“Are you kidding me?! ‘Needs Improvement’? What the hell is this?” Tom’s voice rose with every syllable.
“Now Tom, this isn’t an indictment, you know.” Susan said. “There are just some areas…”
“What areas? Who said that?” He continued to sputter, his face an alarming shade of maroon.
“We’ve had feedback from several of our clients, who’ve told us that it can be difficult working with you,” Susan explained. “Specifically, that you don’t take criticism well and that you tend to fly off the handle.”
“I. Can’t. Believe. It.” Tom pounded his fist into his thigh in time with the words. “I bet it was that new design group, wasn’t it? I KNEW they were going to screw me over. And now I have to live with this crap for the next year, just because they didn’t ‘like’ me? Unreal!” Tom got up and began to pace around Susan’s office.
“Tom, I need you to sit down and calm down,” Susan said firmly. “I need you to hear me out.”
“But I don’t need squat from you, Susan.” Tom turned to face her. “Like the song says, ‘take this job and shove it.’ I’ve fucking had it.” He stormed out of her office, slamming the door on the way.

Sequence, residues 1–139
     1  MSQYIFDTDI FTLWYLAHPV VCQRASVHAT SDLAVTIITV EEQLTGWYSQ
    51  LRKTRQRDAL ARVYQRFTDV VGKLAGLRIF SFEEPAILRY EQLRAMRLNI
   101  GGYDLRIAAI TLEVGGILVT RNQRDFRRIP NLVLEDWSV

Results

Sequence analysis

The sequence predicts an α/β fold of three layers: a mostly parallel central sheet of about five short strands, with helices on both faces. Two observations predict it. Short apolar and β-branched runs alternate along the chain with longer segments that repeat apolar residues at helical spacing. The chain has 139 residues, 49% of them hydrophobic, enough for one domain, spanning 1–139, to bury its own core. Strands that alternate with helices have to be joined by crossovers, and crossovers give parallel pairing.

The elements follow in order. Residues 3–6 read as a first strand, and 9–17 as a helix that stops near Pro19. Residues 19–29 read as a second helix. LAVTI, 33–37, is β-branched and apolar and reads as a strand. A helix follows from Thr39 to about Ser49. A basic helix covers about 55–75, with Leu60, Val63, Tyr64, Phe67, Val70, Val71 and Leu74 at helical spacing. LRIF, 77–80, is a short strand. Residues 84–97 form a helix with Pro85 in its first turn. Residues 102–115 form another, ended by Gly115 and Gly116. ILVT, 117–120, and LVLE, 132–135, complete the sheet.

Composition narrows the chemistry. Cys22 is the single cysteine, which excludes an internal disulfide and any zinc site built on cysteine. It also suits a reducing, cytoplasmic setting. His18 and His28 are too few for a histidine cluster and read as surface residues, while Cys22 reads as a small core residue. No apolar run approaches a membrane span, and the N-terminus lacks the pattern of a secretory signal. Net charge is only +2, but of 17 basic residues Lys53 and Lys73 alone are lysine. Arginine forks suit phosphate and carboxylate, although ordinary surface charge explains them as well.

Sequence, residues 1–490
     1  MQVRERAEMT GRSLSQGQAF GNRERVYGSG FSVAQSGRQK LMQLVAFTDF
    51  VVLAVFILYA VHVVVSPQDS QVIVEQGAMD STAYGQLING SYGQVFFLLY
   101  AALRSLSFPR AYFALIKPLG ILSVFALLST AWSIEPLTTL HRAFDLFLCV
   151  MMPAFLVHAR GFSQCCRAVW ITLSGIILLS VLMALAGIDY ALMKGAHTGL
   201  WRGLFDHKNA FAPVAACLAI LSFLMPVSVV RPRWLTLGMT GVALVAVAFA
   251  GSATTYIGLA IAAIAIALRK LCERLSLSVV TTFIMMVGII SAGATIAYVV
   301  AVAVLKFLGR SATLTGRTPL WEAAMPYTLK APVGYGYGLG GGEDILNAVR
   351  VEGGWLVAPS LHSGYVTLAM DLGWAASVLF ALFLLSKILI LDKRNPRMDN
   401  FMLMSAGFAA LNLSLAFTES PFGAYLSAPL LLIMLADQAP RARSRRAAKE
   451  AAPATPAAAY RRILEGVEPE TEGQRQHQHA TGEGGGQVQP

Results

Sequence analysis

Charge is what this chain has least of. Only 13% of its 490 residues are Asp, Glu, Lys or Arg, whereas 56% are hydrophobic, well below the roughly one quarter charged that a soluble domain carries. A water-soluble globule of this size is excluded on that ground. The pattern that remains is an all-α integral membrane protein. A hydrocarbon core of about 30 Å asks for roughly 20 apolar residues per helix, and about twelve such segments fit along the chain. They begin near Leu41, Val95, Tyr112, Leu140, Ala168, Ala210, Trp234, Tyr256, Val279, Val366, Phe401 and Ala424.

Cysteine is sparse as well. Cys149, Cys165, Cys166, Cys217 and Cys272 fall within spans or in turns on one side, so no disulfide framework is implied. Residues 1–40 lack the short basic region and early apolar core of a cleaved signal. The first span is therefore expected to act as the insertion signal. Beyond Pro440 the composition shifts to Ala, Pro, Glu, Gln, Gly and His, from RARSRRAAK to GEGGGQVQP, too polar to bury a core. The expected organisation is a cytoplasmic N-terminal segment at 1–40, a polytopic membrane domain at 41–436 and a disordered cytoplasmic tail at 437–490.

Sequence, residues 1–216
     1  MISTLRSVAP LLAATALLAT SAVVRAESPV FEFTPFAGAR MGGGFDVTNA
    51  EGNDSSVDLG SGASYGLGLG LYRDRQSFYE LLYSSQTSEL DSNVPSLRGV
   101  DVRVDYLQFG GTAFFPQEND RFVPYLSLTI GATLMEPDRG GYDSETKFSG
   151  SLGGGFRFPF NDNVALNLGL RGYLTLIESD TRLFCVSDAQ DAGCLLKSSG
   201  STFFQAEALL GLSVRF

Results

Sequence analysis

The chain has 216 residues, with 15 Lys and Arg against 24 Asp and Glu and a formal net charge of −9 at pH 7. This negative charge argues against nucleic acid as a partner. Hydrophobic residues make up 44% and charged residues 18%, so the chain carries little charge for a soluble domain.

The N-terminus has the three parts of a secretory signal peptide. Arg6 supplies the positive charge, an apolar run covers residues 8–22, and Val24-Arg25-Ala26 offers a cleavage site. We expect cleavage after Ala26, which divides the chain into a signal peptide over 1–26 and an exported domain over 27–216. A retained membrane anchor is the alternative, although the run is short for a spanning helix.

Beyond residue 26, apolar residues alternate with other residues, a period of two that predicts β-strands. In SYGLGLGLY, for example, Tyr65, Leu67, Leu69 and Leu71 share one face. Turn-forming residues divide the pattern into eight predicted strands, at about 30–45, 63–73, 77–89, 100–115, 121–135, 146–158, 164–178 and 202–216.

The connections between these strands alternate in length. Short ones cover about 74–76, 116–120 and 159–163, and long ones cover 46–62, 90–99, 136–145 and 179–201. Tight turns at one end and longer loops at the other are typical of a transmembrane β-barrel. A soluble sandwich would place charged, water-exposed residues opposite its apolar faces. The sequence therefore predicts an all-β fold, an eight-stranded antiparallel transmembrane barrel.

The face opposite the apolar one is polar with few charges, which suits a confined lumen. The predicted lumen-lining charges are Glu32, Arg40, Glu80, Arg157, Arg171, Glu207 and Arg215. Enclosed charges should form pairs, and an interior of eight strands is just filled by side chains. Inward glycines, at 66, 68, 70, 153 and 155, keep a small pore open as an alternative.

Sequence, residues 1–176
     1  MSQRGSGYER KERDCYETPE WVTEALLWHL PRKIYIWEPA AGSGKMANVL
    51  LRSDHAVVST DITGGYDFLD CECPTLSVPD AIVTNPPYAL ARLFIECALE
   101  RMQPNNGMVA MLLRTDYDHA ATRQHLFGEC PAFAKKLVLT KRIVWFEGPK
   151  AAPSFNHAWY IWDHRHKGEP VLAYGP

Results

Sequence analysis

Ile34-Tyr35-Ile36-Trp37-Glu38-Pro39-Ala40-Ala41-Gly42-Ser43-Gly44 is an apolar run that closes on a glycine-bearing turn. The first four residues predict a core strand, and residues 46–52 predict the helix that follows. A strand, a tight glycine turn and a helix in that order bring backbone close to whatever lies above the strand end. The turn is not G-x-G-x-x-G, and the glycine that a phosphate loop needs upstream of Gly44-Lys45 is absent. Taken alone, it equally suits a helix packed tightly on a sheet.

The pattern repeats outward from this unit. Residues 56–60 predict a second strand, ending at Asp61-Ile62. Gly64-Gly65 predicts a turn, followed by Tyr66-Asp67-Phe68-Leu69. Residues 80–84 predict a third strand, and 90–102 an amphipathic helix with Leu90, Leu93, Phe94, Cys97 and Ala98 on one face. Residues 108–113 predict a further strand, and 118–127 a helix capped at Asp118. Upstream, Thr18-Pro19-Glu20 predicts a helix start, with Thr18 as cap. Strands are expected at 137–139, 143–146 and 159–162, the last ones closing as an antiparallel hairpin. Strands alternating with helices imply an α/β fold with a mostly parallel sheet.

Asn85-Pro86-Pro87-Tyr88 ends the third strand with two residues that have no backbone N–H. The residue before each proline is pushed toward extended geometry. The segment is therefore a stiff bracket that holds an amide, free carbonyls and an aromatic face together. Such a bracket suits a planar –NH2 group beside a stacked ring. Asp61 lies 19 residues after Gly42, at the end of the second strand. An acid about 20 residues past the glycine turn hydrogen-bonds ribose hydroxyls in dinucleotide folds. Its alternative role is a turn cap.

Tom didn’t wait for the security guards to come get him; he started cleaning out his cube the minute he got back to it. He picked up his wastebasket, dumped all the crap out of it, and started hurling his things into it–his coffee cup, his thumb drives, penknife. He was so angry he could hardly see. But throwing this stuff just wasn’t doing it for him.
Then he spied the company calendar hanging on his cube wall, with that douchebag CEO smiling down at him. Tom grabbed it with both hands and went to rip it away from the barrier. In his rage, he forgot about its industrial-strength fasteners. Next thing he knew, he was buried under the cubicle wall. This did not improve his mood, as the security guards shortly found out.
“The charges are disturbing the peace, simple assault, and destroying company property,” the judge said. “How do you plead?”
“Guilty,” Tom gritted out. He couldn’t wait to get out of here and go have a beer. Or five.
“I hereby sentence you to 100 hours of community service, a $200 fine, and attendance at an anger-management class.”
“Thank you, Your Honor,” said Tom’s lawyer. He began packing up his papers.
“I can’t believe this shit,” Tom said. “I lose my job, and now I have to go do this other crap?”
“Yes, unless you’d like to go to jail.” The lawyer was putting on his coat now.
“And now I have a record that will follow me everywhere,” Tom whined. “How am I supposed to find a job now?”
“Maybe you should have thought of that before you hit the security guard,” his lawyer said, starting to walk away.
“You asshole–you’re just like them!” Tom cocked back his fist.